May 12, 2010
Visiting the alef garden on Shavuot
Like to stay up late and party all night?
Do I have a Jewish holiday for you.
Shavuot, literally “weeks,” is the festival marking the end of the seven-week period of the counting of the omer that began the second night of Passover. The two-day festival, which begins this year at sundown May 18, is celebrated as the giving of the Torah.
An increasingly popular custom is the tikkun leil Shavuot, “repairing the eve” of Shavuot, an all-night study session on the holiday’s first night. According to a midrash, at Mount Sinai the night before receiving the Torah, the Jews slept and needed to be awakened with a shofar. So now we must make repairs by showing we are awake and ready.
Think of it as a lack-of-slumber party. Many sessions begin late in the evening and run all night, straight on till morning. It’s a Torah all-nighter that leaves you refreshed and reconnected.
Traditionally, a group tries to cover as much Jewish textural ground as possible studying the Torah and the Talmud.
Untraditionally, I have organized several group study evenings based on the idea that on Shavuot, in the time of the Temple, Jews would travel to Jerusalem to offer their first fruits. Participants present things created or accomplished that year: work finished, classes completed, Jewish books that were read and enjoyed.
Many of us already pull all-nighters for all sorts of things—mostly work, sometimes play. So what about pulling an all-nighter on Shavuot, with your first fruit being taking an hour or two to study Hebrew?
You know, Hebrew, Ivrit, that foreign language elective for which you received an “incomplete.”
On Shavuot, does receiving the Ten Commandments need to be like seeing a foreign movie? Wouldn’t you like to lose the subtitles?
As teenagers, many of us gave Hebrew a good try; we have the confirmations and bar/bat mitzvahs to prove it.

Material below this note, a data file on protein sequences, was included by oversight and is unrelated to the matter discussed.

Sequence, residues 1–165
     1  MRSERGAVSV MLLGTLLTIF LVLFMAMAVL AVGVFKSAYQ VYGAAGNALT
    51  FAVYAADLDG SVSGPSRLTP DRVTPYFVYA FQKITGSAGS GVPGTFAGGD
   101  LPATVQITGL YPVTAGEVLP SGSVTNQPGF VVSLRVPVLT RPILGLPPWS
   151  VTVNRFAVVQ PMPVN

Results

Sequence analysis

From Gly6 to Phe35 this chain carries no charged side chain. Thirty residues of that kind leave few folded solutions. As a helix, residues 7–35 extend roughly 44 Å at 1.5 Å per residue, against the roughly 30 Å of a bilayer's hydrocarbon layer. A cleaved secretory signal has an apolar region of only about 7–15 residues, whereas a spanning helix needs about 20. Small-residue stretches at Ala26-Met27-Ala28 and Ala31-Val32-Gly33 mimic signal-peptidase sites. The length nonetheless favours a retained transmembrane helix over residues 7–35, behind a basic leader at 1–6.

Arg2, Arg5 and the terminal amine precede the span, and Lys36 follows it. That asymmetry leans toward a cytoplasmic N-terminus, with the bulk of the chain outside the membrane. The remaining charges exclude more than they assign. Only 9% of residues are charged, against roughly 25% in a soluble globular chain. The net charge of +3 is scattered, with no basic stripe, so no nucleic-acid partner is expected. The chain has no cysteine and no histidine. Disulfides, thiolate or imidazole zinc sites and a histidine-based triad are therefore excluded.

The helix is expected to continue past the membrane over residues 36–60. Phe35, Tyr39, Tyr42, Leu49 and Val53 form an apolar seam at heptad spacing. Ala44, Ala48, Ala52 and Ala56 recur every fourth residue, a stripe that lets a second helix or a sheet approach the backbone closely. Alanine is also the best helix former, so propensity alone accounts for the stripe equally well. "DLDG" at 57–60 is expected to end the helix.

According to my friend Cheri Ellowitz, education director at The Temple-Tifereth Israel in Beachwood, Ohio, and author of “Mitkadem” (URJ Press), a self-paced program for learning Hebrew, the issue of students retaining Hebrew is a matter of lack of context.
“If they don’t do Jewish things out of their classrooms and they don’t go to services and use the skills we’re teaching them,” she wrote to me recently, “then there’s no relevance to the material.”
As an adult, are you still digging for a context? Searching for that relevance?
If it’s any consolation, there have been generations of Jews, especially since Roman times, who spoke no Hebrew; they used Aramaic. During that period, Hebrew remained a language of holy texts and correspondence, but it was not the language of the street.
Hebrew’s revival as a spoken language didn’t happen until the beginning of the 20th century, thanks to the determined work of teacher and journalist Eliezer Ben Yehuda, who is known as the father of modern Hebrew.
So are you ready for a Hebrew revival on your street? Do you finally have a context? Like wanting to attend synagogue, but finding those “trenzleeturayshuns” are not really helping. Or on a trip to Israel you’re dying to know what it says on the protest signs.
Some days I feel Hebrew is in the air. I get a buzz when I see Hebrew letters on a sign, shirt or even bumper sticker.
Kabbalists for centuries have claimed that Hebrew letters have their own energy. Somewhere between the second and third centuries, an unknown author wrote the Sefer Yetzirah, called either the book of formation or creation. A short but powerful text, it’s about the formation of the universe—how God used the energy of the 22 letters of the Hebrew alphabet to create it.
The text reveals how each letter has its own spiritual power that God combines and focuses to create planets and stars, the cosmos, even time.
“Twenty-two letters he carved them out, he hewed them and formed them with life of all creation,” the Sefer Yetzirah says.
As we accelerate atoms to unimagined speeds, crashing them together, it’s humbling to discover that centuries earlier this text already imagined the power created by simply combining alefs, beits and gimmels.
What if there’s some energy to be gained by pushing a few letters together on the first night of Shavuot?
The idea that a creative force inhabits each letter is a concept we recall from the story of Rabbi Loew and the Golem of Prague. In one version of the folk tale, the lifeless human form of clay is brought to life by writing the word “emet,” truth—spelled aleph, mem, tav—on the Golem’s forehead.
As I approach Shavuot, after weeks and weeks of omer counting, there are days when I feel just like an emet-less version of the Golem: listless, unformed, just lying around. How then to stay up all night on Shavuot and study?
You could try sticking a few Hebrew letters on your forehead. Or for even better results, hold them about 10 inches in front of your eyes.